Before I tell you about our culinary education today, I feel a need to add an addendum to yesterday’s blog.  As you may recall, we spent the day with tigers following a day with elephants.  But there is more.

I feel like I have put my son in harm’s way.

Wiley has had a trying 2 days.   At the elephants, he developed a lower intestinal issue that kept him from part of our ride yesterday.   He started to feel ill at lunch.  After lunch, he got on his elephant, turned a shade I will describe as a light pistachio and decided to dismount (not an easy task when you are ailing).  He spent the next hour lying still and awaiting our return.

Today, we went to the tigers and he got hit by a Tiger named Chicken (isn’t that a Johnny Cash song?) during some loving play.  He was fine.

During this trip, we have eaten street food, crossed roads with no traffic lights and climbed slippery, steep hills – all in countries that do not speak our tongue.

But nothing prepared Wiley for the horrors of today.

No, it was not the tigers or the intestinal struggles.

Let me show you the aftermath.

Yes, it was a bloodbath.  Here is the culprit.

Yes, Wiley has survived the trials of Asia and the most impressive of mammals, but was hobbled by one inch fish.  Wiley and Liam passed on the first fish pedicure where Garra fish eat the “extra” skin off your feet and legs.  When I wondered in a previous blog how the fish know what is “extra”, I did not realize I had asked a relatively profound question.

On our return to the fish place, the boys decided to join after hearing the reviews from us.  Since the reviews ranged from “so relaxing” to “dude, this will freak you out!”, the boys could not resist.

We did everything that the fish spa asked us to – leave shoes, clean our feet, rigorously wash off sunscreen and bug repellant.

We were there 45 minutes.  At the end, we learned that the fish sometimes improvise and go after skin that is not really all that extra.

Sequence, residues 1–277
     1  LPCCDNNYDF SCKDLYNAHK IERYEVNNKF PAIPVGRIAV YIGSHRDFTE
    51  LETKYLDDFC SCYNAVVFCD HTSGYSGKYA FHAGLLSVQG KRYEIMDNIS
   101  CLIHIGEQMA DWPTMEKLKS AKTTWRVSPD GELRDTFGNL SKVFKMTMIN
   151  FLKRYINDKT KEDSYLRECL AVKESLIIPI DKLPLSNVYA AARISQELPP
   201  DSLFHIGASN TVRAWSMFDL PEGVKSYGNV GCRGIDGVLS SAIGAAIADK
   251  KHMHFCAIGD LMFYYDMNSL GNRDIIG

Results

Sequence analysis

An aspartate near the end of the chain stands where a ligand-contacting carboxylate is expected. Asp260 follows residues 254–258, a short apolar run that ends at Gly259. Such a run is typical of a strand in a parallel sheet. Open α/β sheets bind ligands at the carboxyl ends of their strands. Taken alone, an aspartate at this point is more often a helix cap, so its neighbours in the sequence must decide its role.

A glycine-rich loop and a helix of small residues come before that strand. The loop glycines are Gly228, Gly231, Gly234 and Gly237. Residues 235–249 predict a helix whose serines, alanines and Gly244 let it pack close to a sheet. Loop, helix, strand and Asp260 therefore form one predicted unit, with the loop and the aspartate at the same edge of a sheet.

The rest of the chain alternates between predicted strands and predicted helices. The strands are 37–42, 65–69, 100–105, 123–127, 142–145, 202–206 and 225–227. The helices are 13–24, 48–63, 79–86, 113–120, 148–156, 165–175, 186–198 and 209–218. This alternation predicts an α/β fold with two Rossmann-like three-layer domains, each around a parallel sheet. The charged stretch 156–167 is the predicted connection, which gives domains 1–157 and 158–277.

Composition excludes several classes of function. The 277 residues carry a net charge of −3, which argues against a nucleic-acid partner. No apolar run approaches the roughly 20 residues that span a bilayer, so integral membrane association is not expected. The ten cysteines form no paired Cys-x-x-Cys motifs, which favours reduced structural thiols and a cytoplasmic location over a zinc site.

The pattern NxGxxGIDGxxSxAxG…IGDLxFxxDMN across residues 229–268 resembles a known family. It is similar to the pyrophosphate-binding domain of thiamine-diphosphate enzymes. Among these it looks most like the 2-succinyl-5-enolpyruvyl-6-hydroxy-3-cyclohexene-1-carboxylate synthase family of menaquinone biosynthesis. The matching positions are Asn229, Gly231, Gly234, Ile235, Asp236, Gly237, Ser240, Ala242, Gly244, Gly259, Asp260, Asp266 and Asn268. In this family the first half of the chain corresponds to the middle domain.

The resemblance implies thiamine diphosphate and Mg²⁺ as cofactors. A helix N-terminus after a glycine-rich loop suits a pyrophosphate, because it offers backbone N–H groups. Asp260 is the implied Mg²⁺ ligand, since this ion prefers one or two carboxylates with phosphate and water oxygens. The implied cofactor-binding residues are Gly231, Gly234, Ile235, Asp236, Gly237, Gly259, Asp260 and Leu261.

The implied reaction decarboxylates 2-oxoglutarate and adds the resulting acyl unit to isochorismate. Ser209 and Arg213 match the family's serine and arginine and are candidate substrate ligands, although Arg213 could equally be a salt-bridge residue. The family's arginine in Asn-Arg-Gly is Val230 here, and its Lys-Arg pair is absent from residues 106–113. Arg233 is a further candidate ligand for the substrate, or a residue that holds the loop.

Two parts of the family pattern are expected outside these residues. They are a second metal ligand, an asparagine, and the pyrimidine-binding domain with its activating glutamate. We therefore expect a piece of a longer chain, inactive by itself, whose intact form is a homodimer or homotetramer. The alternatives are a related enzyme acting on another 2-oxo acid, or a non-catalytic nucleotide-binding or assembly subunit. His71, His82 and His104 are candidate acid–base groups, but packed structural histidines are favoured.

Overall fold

Like a scab.

Like the rest of us, Wiley plunged his feet into his tank, became startled when the carnivorous swimmers attacked and settled in thereafter.  He was on a computer (the combine the treatment with “free” internet) and happy, until about 5 minutes passed.

“Hey, they are checking out my scab.”  He had fallen on New Years Eve in Laos as we were on a beach.

“Hey, they REALLY like my scab.  It kinda hurts.”

Perhaps we have traveled too long, because I no longer react excitedly at comments like this.  If he had said “it hurts, it hurts” and pulled his leg out, we would have come running.  But “it kinda hurts” does not register.  A few minutes later, I heard him say something that suggested that “I am trying to cover the scab with my hand but they are going between my fingers to get to the scab”, but I once again heard no urgency.

When he came out of the tank, we saw the cut.  The fish were as good at taking off the scab as his body was at coagulating.  Even more impressive, the tank that he had been in was no longer clear.  It was an odd shade.  I would describe it as an light eggplant.  [Note: if you look at the picture, you can see the tank I used to the left of his wound and the tank he used above his foot.] I do not know how much blood is required to make 10 gallons of clear water that shade, but it is more than I would have contributed to the fish.